Magnificent mummy in just 3 colours

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As many of you are aware, the September painting challenge has been to use only 3 pots of paint. I think the toughest part of this challenge is picking the right model and combination of colours.

Edward Nicholson has taken photos of his entry every step of the way, to show us just how he’s painted his mummy.

The deadline for this challenge is September 27th, so there is still time to take part. Over to Edward…

Shadow grey, Bone and Devlan mud - all thats need to paint a mummy

Shadow grey, Bone and Devlan mud - all that's need to paint a mummy

With this month’s challenge being to use only three pots of paint I decided to paint a mini that wouldn’t require too much effort on my part. This is mainly because I have never tried limiting my colour palette so severely before and I will be using the mini for gaming, so it still had to look respectable.

Mummy

Under coated with Bone

With this in mind I chose an old mummy from Heroquest as it would really only need two main colours, bone for the badages and shadow grey as a base for the rotting flesh. I then chose a wash as my third pot. The wash I decided on was GW’s Devlan Mud as it is good at adding shading to many different colours and this would be it’s sole use on this mini.

I undercoated the mini with bone, using two thin coats of paint to prevent the paint filling in the details. I find very thin paint to be absolutly essential when painting plastic minis as the details are never as sharp as on metal minis. After the undercoat had dried I proceeded to block in all of the flesh areas with a couple of thin coats of Shadow Grey.

Painting the flesh

Painting the flesh with Shadow Grey

Next I gave the mini a very liberal wash with the Devlan Mud, making sure to cover the entire mini (including the flesh areas). I then repeated this once the first wash had dried. This ensured that all of the recesses would have a fairly even amount of the wash pigment and would also provide the contrast that would be required against the paler coloured bandages.

Adding a wash of Devlan mud

Adding a wash of Devlan mud

Re-apply Shadow Grey to flesh

Re-apply Shadow Grey to flesh

After this had dried I reapplied some shadow grey to the flesh areas, leaving the wash in place in the recesses. I then started to look at highlighting the flesh areas, so to this end I added a small amount of bone into some Shadow grey (no exact ratios here I had some Shadow Grey thinned on the pallette and just added in a brushful of bone for each subsequent highlight layer) and highlighted the flesh areas. I used five seperate highlight layers in total (you can use more but I find five to be about right on smaller areas such as the face), each time just adding a small amount of bone into the paint I had mixed.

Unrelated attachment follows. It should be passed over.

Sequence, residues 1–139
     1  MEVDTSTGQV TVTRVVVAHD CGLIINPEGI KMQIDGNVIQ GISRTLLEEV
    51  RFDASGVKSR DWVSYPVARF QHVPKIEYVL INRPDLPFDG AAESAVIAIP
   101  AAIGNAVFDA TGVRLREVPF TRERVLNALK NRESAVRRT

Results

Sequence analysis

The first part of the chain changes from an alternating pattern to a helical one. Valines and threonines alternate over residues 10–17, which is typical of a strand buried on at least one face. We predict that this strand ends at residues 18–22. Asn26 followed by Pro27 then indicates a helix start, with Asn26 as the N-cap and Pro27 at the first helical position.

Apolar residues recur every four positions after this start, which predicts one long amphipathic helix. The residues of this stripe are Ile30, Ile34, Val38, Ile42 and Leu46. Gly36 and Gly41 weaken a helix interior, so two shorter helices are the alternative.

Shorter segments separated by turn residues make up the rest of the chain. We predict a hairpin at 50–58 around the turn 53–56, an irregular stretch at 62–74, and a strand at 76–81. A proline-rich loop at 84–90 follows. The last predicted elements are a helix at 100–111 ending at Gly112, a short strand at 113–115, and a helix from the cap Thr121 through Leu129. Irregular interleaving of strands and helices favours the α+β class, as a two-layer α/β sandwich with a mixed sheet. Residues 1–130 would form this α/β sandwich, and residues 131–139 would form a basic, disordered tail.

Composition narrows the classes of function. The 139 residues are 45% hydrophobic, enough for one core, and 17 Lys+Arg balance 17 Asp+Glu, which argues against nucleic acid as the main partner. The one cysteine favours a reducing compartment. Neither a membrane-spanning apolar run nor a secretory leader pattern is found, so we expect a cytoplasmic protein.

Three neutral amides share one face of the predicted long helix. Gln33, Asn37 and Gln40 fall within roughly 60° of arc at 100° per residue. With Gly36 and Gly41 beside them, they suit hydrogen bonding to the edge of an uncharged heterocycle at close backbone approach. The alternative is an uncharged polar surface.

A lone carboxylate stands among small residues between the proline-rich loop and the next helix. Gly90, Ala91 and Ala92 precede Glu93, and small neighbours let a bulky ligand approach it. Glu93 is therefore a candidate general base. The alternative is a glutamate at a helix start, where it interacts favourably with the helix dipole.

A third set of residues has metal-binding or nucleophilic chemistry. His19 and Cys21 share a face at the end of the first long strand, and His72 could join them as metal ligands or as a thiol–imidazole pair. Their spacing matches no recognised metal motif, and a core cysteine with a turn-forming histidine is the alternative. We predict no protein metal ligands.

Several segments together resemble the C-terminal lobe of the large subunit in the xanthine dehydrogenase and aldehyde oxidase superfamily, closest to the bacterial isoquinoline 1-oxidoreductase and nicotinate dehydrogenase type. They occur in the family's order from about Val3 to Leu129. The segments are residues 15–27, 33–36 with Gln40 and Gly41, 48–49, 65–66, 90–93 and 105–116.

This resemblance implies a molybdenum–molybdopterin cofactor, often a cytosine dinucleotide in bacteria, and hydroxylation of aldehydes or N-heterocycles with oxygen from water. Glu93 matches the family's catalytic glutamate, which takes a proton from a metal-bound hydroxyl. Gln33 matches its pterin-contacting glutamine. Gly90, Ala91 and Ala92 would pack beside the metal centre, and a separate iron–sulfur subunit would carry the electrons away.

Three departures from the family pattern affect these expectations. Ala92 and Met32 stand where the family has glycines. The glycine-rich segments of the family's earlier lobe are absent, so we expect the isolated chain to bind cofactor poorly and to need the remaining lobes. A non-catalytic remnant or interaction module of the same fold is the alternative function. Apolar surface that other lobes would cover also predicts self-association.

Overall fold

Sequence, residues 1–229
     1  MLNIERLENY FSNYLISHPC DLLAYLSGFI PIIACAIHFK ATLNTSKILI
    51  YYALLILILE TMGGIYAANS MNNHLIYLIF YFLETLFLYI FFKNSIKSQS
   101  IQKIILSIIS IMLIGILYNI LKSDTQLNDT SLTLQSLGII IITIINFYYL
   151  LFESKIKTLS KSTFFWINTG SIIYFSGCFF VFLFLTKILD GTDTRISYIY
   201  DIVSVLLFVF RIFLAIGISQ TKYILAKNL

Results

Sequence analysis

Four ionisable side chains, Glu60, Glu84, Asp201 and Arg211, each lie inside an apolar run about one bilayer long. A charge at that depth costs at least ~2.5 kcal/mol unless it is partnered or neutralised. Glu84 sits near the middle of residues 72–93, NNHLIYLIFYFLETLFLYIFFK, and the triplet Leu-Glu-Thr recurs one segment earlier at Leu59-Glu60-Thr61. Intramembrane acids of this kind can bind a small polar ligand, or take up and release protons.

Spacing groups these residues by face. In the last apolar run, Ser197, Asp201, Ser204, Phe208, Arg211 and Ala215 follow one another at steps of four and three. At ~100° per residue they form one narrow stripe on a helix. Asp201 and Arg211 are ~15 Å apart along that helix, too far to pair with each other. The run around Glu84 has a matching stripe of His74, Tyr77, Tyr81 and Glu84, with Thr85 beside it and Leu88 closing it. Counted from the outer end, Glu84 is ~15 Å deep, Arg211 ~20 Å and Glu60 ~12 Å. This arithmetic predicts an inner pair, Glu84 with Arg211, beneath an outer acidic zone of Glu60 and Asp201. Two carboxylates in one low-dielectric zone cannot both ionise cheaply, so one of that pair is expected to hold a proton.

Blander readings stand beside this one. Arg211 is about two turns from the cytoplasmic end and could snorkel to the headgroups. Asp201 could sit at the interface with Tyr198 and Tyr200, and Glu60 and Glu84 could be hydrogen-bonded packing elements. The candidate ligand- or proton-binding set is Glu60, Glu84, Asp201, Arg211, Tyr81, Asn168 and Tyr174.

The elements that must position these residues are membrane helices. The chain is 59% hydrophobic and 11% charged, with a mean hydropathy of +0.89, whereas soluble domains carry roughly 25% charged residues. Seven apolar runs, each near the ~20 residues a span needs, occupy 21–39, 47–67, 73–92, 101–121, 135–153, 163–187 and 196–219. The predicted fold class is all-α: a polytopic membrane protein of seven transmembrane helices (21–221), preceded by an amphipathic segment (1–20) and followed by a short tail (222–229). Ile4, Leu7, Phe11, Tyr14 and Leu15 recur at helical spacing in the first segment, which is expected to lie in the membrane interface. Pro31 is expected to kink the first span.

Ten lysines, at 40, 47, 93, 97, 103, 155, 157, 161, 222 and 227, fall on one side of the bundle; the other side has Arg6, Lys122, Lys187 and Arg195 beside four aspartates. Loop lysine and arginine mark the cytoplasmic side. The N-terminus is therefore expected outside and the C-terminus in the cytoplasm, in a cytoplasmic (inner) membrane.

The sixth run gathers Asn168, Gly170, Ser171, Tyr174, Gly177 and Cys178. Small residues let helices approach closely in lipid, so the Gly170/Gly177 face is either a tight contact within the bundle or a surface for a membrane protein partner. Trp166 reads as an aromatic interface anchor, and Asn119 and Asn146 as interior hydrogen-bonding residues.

Highlight flesh with Bone + Shadow Grey

Highlight flesh with Bone + Shadow Grey

Additional highlight to flesh

Additional highlight to flesh

Picking out flesh details with stronger highlight

Picking out flesh details with stronger highlight

Final extreme highlight to flesh

Final extreme highlight to flesh

I now turned my attention to the bandages. I had thought about mixing some bone and Devlan mud together and layering it on, working up to pure bone. I decided against this though as the bone colour I was using is very light in tone and would have looked too clean and crisp on a mummy that has been rotting for many years. So I layered some bone straight on, taking care to avoid the recesses that had been shaded with wash. I deliberately kept the paint thin enough that it would not dry evenly and only applied a single layer. This was quite time consuming but would help with the look of the mini once finished.

Adding Bone to the bandages

Adding Bone to the bandages

Next came yet another wash with Devlan Mud, again across the whole mini. This worked to blend the highlights on the flesh together and to provide a mid tone on the bandages.

A wash of Devlan mud ties it all together

A wash of Devlan mud ties it all together